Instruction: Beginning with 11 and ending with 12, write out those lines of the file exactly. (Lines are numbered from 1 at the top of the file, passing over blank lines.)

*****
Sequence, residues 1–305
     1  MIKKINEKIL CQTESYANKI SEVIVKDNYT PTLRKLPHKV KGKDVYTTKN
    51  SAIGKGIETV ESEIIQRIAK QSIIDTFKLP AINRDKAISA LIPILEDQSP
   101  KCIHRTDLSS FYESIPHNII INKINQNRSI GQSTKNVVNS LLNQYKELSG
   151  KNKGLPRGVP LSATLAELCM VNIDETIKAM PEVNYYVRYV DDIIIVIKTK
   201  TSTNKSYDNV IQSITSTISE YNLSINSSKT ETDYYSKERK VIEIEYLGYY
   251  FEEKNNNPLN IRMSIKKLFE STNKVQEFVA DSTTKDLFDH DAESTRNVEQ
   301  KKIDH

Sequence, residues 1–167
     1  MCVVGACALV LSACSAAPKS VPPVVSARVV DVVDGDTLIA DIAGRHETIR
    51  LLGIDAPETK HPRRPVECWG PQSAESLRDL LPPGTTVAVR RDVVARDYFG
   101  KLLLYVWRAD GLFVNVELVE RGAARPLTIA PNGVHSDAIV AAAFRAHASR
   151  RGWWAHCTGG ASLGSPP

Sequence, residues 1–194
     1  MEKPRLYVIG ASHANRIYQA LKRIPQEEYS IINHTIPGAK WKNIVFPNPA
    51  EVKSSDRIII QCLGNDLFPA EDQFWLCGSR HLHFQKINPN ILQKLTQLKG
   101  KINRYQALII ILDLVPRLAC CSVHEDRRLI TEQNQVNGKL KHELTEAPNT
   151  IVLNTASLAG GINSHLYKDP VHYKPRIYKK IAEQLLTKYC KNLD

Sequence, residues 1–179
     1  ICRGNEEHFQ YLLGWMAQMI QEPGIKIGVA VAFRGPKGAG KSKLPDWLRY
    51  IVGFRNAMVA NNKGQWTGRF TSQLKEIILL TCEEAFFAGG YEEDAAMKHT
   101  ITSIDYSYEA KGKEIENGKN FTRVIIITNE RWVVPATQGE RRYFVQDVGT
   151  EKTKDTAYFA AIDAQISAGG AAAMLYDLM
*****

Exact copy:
    51  LLGIDAPETK HPRRPVECWG PQSAESLRDL LPPGTTVAVR RDVVARDYFG
   101  KLLLYVWRAD GLFVNVELVE RGAARPLTIA PNGVHSDAIV AAAFRAHASR